24. How Little We Know

After more than a quarter century of experience, we seem to know a great deal about business improvement districts. There are more than 1000 of them in the US, Canada, Europe and beyond. They are unusual among economic development tools in that they are business organized, managed and financed.  They represent working partnerships with local governments which, while the governments must approve BID financing, they leave the decisions as to programs and governance in the hands of business led boards of directors, most of which are organized as non profit corporations. They have proven popular in large urban centers, industrial areas,  small towns and neighborhood commercial areas, in part because of the statutory flexibility in the use of their revenues. While customer attraction is probably the most common BID program, some BIDs have formed and operated supplementary  bus systems, others participate vigorously in local planning and still others purchase, rehabilitate and rent properties.  A compulsory charge assures that all benefitting properties share the costs. There are no freeloaders.

A great deal has been said about the accomplishments of the BID movement throughout the world.  The affirmative case has been well made; the criticisms not so well. So, it seems strange decades after the benefit district concept was first adapted by Canadian merchants  that we should know so little about what BIDs can and can’t, should and shouldn’t do. In terms of researched evidence, we have much to be modest about. Little has been put forward with convincing evidence regarding BID outcomes. Coincidence continues to overwhelm causation.

Some academics continue to write about presumed negative experience. BIDs are claimed to compound the problems of the homeless; they take customers from other neighborhoods. Others applaud BIDs because they see them as “privatizing government”, a mistaken conclusion. The authors are well educated but they are indulging their political biases; there is no research behind these opinions.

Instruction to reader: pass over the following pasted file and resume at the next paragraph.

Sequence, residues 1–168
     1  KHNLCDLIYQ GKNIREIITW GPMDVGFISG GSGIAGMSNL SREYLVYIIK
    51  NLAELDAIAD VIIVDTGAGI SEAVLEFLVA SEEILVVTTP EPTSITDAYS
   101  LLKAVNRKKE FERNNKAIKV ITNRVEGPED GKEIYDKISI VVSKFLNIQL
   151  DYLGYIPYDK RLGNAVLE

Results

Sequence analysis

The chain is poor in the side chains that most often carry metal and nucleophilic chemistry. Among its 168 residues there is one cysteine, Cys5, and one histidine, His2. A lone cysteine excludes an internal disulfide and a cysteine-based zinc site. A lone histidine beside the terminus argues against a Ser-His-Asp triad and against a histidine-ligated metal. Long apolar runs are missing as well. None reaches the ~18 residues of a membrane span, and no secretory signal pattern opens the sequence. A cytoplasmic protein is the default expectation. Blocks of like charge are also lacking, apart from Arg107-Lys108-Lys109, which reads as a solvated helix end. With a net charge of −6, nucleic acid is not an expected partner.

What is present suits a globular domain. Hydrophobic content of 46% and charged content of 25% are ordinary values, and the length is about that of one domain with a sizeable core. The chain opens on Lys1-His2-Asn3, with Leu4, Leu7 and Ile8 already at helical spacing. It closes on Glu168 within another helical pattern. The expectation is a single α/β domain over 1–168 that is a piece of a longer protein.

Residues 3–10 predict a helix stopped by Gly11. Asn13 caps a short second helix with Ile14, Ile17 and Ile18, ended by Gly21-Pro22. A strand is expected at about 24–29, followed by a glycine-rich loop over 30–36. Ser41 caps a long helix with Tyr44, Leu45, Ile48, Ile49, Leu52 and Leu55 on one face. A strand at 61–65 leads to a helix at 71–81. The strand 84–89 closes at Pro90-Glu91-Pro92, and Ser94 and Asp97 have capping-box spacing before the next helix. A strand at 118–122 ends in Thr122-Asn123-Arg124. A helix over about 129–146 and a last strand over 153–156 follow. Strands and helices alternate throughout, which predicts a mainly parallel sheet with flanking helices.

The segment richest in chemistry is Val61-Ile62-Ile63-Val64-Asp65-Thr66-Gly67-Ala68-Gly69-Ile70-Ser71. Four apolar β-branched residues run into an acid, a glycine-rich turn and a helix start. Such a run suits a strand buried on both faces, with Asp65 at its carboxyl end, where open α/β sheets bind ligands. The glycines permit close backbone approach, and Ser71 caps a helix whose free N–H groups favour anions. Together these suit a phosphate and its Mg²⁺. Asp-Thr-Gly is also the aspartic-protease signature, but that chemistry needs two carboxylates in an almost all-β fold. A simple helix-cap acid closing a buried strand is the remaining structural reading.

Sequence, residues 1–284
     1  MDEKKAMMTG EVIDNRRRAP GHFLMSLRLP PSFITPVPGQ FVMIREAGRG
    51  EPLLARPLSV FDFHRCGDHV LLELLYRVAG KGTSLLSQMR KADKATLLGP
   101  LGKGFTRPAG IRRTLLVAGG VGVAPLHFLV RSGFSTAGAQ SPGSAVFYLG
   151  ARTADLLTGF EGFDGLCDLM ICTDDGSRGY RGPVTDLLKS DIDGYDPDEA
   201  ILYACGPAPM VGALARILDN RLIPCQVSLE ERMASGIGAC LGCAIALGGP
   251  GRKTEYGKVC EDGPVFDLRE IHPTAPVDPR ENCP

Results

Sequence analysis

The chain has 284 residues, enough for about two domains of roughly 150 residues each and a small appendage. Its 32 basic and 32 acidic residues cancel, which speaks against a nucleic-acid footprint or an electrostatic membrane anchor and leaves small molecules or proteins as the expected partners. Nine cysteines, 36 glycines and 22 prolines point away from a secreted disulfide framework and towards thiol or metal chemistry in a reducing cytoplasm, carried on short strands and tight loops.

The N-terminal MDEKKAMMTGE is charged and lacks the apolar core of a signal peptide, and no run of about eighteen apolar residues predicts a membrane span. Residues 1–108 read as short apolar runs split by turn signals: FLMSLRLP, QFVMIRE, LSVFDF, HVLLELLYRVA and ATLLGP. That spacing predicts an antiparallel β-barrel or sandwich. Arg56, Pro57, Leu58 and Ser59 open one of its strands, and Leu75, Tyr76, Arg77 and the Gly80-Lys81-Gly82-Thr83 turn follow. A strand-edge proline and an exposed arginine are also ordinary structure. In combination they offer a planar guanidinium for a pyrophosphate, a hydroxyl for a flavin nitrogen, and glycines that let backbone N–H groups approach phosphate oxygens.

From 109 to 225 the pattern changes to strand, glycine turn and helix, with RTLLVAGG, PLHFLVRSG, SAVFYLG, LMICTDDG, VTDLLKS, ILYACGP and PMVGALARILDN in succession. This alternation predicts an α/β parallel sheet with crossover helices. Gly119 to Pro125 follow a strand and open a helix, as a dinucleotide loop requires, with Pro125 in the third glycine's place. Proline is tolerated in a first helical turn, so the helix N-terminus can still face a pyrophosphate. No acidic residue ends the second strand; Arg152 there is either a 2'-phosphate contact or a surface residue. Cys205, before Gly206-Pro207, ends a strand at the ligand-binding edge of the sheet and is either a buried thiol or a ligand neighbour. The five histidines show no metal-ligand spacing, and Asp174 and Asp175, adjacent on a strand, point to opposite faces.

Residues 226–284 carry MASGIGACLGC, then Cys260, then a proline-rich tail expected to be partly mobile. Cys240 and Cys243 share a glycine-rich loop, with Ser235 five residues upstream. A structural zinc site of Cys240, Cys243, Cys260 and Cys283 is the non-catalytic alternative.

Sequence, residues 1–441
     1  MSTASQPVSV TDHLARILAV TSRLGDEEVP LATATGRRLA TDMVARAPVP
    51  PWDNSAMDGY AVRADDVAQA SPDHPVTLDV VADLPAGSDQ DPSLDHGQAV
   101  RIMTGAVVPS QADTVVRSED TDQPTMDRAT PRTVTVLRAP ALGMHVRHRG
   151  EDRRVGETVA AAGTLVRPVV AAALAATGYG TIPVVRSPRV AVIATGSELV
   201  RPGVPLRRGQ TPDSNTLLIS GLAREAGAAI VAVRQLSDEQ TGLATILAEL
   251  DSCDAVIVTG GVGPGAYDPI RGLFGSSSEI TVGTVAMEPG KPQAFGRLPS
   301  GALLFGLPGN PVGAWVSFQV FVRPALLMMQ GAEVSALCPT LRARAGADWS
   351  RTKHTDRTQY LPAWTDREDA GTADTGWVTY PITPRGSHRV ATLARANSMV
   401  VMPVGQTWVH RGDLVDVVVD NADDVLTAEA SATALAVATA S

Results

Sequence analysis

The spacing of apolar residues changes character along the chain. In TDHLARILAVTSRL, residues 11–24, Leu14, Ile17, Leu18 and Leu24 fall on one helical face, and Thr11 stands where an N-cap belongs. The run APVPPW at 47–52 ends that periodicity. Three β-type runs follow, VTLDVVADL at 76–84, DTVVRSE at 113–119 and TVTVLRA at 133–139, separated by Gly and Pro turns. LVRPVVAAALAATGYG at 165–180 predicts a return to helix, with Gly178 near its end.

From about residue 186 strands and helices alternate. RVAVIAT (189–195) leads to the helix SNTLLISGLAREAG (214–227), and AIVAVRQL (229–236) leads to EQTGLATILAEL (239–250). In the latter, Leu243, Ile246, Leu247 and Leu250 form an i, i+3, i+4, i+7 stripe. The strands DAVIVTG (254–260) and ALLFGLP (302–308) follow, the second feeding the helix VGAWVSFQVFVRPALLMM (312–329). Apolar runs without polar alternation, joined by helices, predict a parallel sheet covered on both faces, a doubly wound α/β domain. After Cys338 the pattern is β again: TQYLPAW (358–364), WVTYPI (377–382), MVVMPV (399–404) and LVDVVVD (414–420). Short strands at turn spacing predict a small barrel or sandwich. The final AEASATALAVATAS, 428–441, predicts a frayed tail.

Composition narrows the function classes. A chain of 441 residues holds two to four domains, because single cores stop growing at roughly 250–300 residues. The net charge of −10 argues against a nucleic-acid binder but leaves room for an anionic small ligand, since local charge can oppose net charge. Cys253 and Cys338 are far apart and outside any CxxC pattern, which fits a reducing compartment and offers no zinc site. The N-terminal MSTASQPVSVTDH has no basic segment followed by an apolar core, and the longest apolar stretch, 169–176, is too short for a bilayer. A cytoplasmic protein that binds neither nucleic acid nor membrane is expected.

One exception produced provocative, useful, relevant insights. Econsult’s  2009 “Commercial Corridor” study tested BIDs against economic outcomes, indicating that self help BIDs out performed a half dozen City subsidies in such important central purposes as new business generation, sales, etc. But the study was limited to Philadelphia.

Another exception–NYU’s Furman Center– studied the real estate benefits of BIDs in New York City, finding that large BIDs (only) showed significantly improved property  values over comparable areas without BIDs.

Crime and Fear

However, even well planned and executed research on related subjects provide little wisdom about BIDs. The known studies on crime missed the point of BIDs or missed the era in which these findings might have been useful or failed to consider other obvious variables—not lighting, not strength of the business district, not pedestrian volumes, not even police presence and certainly not uniformed BID funded Ambassadors. A comprehensive 2009 review of research on urban crime and a compendium of urban crime research in a book about city issues (also published last year) don’t mention BIDs. Crime research concentrates on residential neighborhoods—“Do you ever fear walking in your neighborhood after dark?”